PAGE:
Every welder in that vast room, apart from these two, was clearly an expatriate from the Indian sub- continent. I had to take photographs.

“I thought that this was an operation to benefit the Nigerian workforce, among other things”, I said to Tony Chiejina, Dangote’s Public Affairs manager, who I had known for over 30 years. “How come that in the first place that we are encountering a large workforce on this tour, there are hardly any Nigerians?”

“The type of welding we’re doing here is rather far advanced”, Chiejina replied. “We had to look outwards”.

Chiejina’s response was clearly off the mark. The Nigerian hydrocarbon industry teems with skilled welding talent, at every stage of the welding hierarchy. I should know. I have reported, elsewhere in this medium, a quote by a facilities engineer who used to be my colleague at Chevron, the American oil major: “The guys who worked as welders on the Agbami (a $10Billiondeepwater field development project), are riding Okada (Motorcycle Taxis) in Port Harcourt now”, he had said. “There are just not enough projects to keep people employed”.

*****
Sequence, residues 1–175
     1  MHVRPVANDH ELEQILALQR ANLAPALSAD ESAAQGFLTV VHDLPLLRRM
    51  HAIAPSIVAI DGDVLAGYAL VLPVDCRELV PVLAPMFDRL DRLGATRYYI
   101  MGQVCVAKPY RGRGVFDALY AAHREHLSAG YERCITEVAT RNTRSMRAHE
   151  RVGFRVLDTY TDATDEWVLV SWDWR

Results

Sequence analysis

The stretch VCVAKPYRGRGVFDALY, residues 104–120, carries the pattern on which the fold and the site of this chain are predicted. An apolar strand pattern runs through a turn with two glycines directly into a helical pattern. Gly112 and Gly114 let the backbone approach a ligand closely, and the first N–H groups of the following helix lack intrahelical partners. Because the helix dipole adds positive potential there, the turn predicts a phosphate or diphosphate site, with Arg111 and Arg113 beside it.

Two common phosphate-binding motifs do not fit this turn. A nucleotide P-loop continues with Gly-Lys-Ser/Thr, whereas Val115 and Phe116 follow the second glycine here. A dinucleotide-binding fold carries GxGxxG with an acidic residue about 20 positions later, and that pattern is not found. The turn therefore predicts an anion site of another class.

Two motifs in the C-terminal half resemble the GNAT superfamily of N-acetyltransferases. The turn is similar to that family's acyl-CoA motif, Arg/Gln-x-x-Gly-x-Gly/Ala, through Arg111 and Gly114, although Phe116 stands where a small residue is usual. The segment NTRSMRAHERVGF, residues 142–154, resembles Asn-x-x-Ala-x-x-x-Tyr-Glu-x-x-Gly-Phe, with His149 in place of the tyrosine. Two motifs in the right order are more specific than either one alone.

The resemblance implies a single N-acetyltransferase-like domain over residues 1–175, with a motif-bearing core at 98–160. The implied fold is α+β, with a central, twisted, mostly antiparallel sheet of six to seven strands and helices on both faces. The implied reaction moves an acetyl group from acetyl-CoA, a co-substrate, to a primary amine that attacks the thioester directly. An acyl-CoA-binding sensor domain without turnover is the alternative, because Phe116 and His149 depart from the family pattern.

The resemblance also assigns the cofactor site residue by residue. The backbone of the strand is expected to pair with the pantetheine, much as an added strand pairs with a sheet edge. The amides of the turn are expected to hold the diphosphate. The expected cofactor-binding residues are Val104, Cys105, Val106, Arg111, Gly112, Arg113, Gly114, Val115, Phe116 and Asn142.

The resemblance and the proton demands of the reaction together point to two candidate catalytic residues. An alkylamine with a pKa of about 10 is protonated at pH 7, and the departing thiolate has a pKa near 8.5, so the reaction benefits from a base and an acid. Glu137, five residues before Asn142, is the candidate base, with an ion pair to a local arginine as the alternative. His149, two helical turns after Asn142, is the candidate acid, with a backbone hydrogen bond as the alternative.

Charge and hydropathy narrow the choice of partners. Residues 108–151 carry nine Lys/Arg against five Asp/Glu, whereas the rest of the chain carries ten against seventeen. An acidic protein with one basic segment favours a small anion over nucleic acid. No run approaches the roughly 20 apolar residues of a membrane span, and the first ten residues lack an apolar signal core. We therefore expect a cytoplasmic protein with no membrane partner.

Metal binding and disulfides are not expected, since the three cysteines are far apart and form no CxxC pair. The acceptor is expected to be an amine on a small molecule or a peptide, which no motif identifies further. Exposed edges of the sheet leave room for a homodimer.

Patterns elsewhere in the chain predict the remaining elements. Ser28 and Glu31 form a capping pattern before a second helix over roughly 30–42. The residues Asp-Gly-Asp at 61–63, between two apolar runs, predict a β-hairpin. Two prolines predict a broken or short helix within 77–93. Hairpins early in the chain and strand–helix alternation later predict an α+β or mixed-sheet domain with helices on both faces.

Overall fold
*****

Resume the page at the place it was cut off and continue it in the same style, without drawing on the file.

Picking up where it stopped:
In the midst of this absence of projects, a huge construction site like Dangote’s will have just about any homegrown welder it wants. And yet it has chosen to go abroad to source this mostly rudimentary skill set.

Unsatisfied with the response of the company’s official spokesperson, I took my query to his boss. Mansur Ahmed is the Dangote Group’s director in charge of stakeholder relations and corporate communications. When I asked him about the overwhelming number of Indian welders and the clear negligible number of their Nigerian counterparts, he admitted he had noticed. He didn’t attempt to bullshit. He merely shook his head to my query. I understood.